I have a strong innovation background (10 years of research with GE Healthcare and Philips) with a core technical expertise on data analysis/visualization/interpretation, and a keen interest for population health, preferably in very remote settings, so that I would enjoy any strategic/roadmap discussions for developing ODK further.
I can provide a system thinking approach, since I have hands-on experience with the whole data lifecycle from design/collection to analysis for generating public health evidence in the TIMCI project (as the quality of any data analysis depends on the quality of all the upstream components), which obviously is only one experience among others and must be weighted accordingly.
I also have good experience of data regulations and publication of scientific evidence at the technology/application interface to support/guide the development of new technologies. I am also very interested in more actively contributing to knowledge transfer and capacity building to increase the pool of ODK users and empower existing ODK users.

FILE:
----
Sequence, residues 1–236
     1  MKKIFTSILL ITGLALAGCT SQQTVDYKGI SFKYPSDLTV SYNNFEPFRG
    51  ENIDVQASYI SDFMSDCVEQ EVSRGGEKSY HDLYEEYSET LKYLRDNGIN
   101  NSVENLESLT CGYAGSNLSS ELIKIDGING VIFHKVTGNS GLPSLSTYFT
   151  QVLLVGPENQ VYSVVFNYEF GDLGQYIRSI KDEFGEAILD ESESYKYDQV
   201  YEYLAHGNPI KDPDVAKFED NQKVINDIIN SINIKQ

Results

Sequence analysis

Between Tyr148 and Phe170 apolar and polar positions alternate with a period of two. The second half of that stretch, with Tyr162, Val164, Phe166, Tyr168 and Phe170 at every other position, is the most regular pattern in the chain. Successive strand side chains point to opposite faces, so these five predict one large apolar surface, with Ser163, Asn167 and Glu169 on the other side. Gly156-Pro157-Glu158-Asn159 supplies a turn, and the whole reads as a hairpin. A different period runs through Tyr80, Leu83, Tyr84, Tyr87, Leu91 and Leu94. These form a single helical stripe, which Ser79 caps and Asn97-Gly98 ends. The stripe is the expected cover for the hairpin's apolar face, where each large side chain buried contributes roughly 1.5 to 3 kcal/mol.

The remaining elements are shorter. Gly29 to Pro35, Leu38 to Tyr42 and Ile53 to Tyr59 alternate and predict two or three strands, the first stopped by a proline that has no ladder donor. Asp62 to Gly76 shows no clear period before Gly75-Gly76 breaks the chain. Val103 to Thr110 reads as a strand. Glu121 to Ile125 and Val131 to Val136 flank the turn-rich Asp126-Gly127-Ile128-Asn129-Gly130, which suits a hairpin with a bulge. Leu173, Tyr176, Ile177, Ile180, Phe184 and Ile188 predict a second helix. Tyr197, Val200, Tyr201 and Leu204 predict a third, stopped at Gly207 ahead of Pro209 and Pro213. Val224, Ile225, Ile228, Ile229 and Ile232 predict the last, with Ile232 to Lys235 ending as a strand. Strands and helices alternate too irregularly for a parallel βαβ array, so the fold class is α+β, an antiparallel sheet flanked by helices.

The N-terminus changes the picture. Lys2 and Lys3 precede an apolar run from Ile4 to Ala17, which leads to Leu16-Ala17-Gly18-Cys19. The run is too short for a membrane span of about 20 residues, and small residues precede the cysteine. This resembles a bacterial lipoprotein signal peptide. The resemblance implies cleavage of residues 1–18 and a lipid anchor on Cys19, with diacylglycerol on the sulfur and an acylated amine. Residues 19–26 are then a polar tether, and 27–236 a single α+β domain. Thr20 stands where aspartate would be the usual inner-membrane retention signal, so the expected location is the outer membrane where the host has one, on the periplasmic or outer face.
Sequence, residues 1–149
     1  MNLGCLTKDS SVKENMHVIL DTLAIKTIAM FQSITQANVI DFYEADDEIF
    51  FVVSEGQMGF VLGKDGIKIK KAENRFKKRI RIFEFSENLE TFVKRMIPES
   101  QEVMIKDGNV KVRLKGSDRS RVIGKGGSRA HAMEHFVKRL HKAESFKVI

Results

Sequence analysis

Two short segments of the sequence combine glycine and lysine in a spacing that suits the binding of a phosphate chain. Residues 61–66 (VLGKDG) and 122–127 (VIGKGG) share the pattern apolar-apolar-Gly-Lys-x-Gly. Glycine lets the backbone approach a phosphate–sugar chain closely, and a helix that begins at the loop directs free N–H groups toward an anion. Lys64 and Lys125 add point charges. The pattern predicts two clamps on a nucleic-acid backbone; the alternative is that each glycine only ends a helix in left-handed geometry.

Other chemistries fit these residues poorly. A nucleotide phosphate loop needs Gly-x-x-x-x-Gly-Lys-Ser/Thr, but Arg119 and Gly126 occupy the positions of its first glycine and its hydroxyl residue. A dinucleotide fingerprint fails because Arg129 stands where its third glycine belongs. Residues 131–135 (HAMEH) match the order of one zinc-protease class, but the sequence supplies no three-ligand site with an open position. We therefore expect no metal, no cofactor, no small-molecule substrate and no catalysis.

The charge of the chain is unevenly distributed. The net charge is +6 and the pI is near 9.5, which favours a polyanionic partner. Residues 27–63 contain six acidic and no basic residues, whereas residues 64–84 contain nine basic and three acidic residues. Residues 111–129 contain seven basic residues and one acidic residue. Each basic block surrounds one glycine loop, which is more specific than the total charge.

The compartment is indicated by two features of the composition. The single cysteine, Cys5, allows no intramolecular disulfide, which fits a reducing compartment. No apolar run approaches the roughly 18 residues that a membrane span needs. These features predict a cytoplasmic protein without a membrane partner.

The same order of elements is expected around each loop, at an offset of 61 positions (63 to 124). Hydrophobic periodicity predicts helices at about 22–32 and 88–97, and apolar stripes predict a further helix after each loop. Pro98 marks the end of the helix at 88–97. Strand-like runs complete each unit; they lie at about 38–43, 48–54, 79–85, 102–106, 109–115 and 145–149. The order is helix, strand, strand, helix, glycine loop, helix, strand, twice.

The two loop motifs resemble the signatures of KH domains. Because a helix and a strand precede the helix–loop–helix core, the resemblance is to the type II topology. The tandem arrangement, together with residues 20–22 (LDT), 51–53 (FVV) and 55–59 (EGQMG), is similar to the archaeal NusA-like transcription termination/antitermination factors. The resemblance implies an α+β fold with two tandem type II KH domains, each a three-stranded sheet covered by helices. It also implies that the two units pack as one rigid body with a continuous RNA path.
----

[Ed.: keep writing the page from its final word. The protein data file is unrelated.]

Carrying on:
How many hours a week can you commit to participating on the TAB?
What other data collection projects, social impact projects, or open source projects are you involved with?
- Tools for Integration Management of Childhood Illness Tanzania and India (Uttar Pradesh)
- Kenya and Senegal (Myanmar discontinued due to the current political situation)
Please share any links to public resources (e.g., resume, blog, Github) that help support your application.
- https://github.com/SwissTPH/timci - The GitHub project that contains the code of the R package that is used by each research partner for all the data management activities (including de-identification, generation of follow-up logs and automated form publication, and the generation of operational and data summary reports). Notice: it is very project specific that cannot be reused outside of the TIMCI project as such, also of inequal quality as I am not supposed to be coding at all (...), but some of the ideas developed here and know-how (e.g., on how to parametrize, modularize RMarkdown documents, build fancy LaTeX tables, etc) can definitely be reused in any new project.
- https://github.com/SwissTPH/repvisforODK - The GitHub project that contains the code of the R package that was developed by Lucas Silbernagel during his internship to generate a generic HTML data summary from any ODK Central project (Rmarkdown, plotly)